The London 2012 Olympics are over and I enjoyed almost every tense, drama-filled minute of it. Even though the build up to it was immense, it exceeded its high expectations as shown by the amazement of many. Most of the country was very proud and honoured to have been able to share the experience with millions of people around the world, both during the Olympic torch parade and the Games with our athletes and volunteers vividly showing the best of our country.
I would like to congratulate councils across the country for organising and hosting the Olympic torch relay as well as using the Games as a way to inspire communities to come together and get involved. This includes hosting various events, encouraging people to volunteer and ensuring that everything was well organised from transport to safety. When I chaired London Councils six years ago it was hard to convince all the London Boroughs that 2012 would bring something to their areas and that the Games would not just be about east London. Even I could not have imagined that the torch relay would change the Olympics from “London 2012” to “Great Britain 2012”.
One of my fondest memories has to be AbFab’s Patsy and Edina carrying – more like tottering - the torch along a bit of the King’s Road in my borough, Kensington and Chelsea, shortly followed by it being greeted by Opera Holland Park singing Ode to Joy. That sort of bizarre mixture paved the way for the brilliant, self-deprecating and almost anarchic Opening Ceremony.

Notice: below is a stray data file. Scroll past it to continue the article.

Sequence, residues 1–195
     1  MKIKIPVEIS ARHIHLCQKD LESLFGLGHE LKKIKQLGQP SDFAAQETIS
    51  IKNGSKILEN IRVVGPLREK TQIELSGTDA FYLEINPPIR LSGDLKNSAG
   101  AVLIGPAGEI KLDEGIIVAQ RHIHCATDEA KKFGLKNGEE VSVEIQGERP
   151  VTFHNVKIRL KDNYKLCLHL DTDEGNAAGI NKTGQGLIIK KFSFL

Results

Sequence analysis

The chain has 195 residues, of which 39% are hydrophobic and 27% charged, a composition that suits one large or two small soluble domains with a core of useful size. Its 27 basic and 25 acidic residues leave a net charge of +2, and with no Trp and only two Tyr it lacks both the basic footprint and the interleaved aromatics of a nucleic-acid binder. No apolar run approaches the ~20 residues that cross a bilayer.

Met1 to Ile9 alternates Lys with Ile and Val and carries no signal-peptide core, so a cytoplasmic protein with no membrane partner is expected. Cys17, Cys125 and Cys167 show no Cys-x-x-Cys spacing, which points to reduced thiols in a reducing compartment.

And now the Paralympics are almost upon us starting on 29 August and promising to be just as inspirational and as difficult to get a seat. As well as events hosted in the Olympic Park, there will also be events across the country, with councils fully playing their part once again. It’s almost certain that London 2012 Paralympics will be the first to sell out in the Games' 52-year history and it is likely to change people’s views of disability forever.
I’ve mentioned before about the sport legacy work that councils are fully involved in at a local level (see the blog post below). Already we spend £1.8 billion a year and this is yet another key area where councils are playing a crucial role.
Enjoy and indeed treasure the next few weeks.